Wednesday, Mazhar Muhammad Salih, the Prime Minister’s Advisor for Financial Affairs, called the World Bank’s estimate of Iraq’s debts at more than $150 billion exaggerated and unreal, and while confirming Iraq’s high creditworthiness, he stated that no failure in debt repayment timing was recorded in more than a decade.
“The issue of Iraqi public debt requires a professional distinction of its history and details, and not taking its numbers on their minds without a clear logical analysis,” Alih stated in a press statement. When measured in foreign currency, it is expected to be over $54 billion, while the external debt payable until 2028 is anticipated to be around $23 billion, with obligations due beyond 2028 bringing the total to around $30 billion.
“There is a debt pending on the Paris Club agreement of 2004, i.e. sovereign debts before 1990 belonging to four Gulf countries and four other countries, which are about $40 billion,” he added, “and if they are activated, if they are correct (because they are, as the economic terminology termed, reprehensible debts because they financed the Iraq-Iran war.” If it is right again at that time, it must be deducted by 80% or more under the Paris Club agreement for 2004, to be less than $ 9 billion or less.
And Saleh went on, remarking on the World Bank’s recent study, which said that Iraq’s debt exceeded $150 billion: “We don’t know the method of calculating the debt in the World Bank report,” he stated. Aside from that, the World Bank published a reading of Iraq’s internal and external debts that came to be around 152 billion dollars, which was exaggerated rather than being accurate. At around $84 billion (excluding the number tied to the Paris Club accord as an odious debt), and what has been stated regarding debt balances is fictitious and misleading.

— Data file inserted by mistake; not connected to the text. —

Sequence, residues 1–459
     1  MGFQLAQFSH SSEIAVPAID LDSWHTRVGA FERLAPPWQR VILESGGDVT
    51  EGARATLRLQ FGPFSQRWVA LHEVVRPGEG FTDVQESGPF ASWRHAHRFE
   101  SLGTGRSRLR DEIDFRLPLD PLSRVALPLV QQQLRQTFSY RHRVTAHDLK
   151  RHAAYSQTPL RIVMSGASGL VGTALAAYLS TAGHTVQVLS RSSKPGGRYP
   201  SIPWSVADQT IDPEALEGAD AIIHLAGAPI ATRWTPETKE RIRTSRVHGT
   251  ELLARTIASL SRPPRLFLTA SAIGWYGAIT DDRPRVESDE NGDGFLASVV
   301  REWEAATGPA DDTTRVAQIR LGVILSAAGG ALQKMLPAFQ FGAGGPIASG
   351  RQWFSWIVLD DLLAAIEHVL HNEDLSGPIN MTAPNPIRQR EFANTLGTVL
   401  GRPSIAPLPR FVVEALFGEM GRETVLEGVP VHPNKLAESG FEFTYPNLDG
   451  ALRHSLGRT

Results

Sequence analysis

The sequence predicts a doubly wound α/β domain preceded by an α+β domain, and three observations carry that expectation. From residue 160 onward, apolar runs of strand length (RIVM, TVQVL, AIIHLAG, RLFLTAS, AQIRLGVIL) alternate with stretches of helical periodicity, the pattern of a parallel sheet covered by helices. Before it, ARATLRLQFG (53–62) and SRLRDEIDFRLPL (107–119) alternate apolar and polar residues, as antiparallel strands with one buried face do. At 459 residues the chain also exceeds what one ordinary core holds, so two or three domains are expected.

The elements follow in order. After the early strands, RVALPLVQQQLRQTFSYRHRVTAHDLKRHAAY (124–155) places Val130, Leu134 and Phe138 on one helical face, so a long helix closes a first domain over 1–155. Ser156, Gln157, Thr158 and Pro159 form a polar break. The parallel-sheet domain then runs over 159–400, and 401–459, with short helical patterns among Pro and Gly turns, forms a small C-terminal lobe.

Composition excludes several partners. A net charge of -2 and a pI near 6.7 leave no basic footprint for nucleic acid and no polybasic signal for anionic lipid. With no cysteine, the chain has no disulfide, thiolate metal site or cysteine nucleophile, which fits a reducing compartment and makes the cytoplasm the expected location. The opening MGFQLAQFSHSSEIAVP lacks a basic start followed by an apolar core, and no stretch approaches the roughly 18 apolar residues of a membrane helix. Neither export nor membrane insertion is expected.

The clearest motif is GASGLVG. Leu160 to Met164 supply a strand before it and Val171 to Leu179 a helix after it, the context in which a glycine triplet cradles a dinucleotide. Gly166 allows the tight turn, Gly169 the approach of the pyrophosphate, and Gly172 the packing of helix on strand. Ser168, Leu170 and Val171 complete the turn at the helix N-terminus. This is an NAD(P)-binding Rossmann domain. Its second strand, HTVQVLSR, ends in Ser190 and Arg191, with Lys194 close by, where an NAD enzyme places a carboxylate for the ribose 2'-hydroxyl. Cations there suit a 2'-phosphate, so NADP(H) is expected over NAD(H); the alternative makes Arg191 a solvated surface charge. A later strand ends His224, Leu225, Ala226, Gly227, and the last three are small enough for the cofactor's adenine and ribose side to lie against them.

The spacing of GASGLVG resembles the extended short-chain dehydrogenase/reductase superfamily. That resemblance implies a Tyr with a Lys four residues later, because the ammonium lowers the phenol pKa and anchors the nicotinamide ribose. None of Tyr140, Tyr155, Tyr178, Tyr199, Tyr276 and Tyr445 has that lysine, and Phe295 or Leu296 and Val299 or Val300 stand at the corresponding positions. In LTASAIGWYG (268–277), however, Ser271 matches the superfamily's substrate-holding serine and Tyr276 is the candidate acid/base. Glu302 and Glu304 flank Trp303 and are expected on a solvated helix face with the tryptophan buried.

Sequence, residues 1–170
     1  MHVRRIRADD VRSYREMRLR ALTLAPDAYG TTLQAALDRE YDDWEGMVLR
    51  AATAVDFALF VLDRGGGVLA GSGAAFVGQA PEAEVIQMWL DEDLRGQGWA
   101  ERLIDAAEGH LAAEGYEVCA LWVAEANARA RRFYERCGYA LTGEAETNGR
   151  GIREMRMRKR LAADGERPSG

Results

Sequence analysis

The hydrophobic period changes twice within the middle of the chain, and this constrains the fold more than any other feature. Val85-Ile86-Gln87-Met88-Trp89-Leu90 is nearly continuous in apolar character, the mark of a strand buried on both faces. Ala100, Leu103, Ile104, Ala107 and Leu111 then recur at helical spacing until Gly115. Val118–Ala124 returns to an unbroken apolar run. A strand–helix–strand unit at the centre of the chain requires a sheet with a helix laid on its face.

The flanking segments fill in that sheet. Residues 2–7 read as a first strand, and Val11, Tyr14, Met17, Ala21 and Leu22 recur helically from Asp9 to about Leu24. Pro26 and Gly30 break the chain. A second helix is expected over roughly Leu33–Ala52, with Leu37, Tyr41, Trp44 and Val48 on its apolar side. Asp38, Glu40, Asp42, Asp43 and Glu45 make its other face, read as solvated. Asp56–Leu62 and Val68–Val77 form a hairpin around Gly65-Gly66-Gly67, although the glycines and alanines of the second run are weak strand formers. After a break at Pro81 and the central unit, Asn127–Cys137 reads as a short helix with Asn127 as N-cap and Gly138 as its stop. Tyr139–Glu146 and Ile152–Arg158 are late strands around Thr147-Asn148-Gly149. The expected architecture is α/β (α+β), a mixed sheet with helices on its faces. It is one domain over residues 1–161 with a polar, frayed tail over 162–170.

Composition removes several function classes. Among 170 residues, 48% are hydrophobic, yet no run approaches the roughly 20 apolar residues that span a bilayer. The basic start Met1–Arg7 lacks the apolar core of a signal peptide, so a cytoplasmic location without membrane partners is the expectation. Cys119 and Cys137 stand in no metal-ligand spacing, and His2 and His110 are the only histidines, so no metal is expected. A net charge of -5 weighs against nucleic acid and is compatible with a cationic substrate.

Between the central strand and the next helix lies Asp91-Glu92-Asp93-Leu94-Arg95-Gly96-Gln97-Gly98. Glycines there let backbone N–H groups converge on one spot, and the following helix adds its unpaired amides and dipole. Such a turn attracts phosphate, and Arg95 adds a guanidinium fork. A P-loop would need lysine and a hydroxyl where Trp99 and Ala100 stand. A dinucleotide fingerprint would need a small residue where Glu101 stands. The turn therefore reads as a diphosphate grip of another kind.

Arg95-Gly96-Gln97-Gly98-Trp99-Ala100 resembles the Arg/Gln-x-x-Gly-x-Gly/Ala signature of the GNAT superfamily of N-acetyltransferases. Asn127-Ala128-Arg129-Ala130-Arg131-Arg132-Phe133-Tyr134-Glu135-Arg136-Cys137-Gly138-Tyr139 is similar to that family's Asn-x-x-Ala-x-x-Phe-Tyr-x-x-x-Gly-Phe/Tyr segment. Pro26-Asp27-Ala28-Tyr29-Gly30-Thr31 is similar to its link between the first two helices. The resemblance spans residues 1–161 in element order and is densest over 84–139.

“However, even in light of its unjustified inflation, the public debt-to-GDP ratio will remain between 54-57% of the estimated GDP for the year 2023, and it is within the current safe economic stability area, which is usually estimated at around 60%,” he said.
And the Prime Minister’s Financial Affairs Advisor warned, “The financial policy in Iraq adopts a highly disciplined system in adjusting the timing of payment of debt dues (annual installments and interest) or when extinguishing the debt once on its annual due dates, and there are fixed and accurately estimated annual allocations that are monitored in the budget.” The public was quick to pay debt services and dues, particularly Iraq’s foreign debts, and no failure was recorded in Iraq for over a decade and a half, which contributed to Iraq’s high creditworthiness, as Iraq is located in Area B in global credit rating tables that are evaluated by international credit rating companies. Since 2015, and on a regular basis until today.
“The vast majority of internal public debt is in the hands of government financial institutions or the government banking system, which is a (exclusive) internal governmental matter,” Saleh added. There is a strategy for dealing with this debt, especially since the monetary authority currently acquires approximately 64% of total internal debt and has the ability to manage it in coordination with financial policy and with high accuracy, keeping in mind that the banking system receives interest on that debt at a rate of 3% per year and it falls within the annual allocations of the general budget.